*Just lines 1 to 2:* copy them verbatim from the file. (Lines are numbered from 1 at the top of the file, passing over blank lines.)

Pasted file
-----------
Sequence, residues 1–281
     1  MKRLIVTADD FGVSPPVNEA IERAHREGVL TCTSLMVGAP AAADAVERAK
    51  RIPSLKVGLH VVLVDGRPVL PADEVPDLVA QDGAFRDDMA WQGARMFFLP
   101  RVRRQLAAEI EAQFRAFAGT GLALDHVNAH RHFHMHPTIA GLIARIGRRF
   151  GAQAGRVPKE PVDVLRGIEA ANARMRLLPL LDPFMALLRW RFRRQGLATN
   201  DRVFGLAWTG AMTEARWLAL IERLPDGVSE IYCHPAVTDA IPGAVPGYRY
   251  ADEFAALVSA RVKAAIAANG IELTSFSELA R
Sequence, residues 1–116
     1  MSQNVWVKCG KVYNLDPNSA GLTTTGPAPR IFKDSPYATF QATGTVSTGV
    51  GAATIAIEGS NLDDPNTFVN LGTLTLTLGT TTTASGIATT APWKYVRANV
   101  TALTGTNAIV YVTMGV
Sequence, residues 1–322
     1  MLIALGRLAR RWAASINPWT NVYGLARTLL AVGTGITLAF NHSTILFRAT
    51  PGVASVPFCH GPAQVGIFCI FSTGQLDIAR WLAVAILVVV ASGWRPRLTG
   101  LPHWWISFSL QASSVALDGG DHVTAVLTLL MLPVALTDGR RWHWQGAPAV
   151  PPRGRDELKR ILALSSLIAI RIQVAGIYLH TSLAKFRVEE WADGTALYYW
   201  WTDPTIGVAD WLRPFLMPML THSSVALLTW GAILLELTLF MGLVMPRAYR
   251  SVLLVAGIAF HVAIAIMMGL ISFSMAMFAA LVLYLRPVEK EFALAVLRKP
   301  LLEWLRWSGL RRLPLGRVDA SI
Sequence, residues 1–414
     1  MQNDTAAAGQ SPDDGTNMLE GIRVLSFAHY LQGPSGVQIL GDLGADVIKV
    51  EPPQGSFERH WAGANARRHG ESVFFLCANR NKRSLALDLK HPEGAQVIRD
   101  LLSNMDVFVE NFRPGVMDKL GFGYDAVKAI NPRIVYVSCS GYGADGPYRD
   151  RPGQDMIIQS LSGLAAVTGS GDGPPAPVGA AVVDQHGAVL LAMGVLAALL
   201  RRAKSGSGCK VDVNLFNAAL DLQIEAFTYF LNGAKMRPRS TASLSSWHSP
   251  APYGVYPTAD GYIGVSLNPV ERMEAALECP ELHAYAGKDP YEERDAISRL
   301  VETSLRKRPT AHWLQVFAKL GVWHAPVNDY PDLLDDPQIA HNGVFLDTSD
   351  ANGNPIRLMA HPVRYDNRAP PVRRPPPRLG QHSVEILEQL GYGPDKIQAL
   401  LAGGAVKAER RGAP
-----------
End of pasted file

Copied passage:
Sequence, residues 1–281
     1  MKRLIVTADD FGVSPPVNEA IERAHREGVL TCTSLMVGAP AAADAVERAK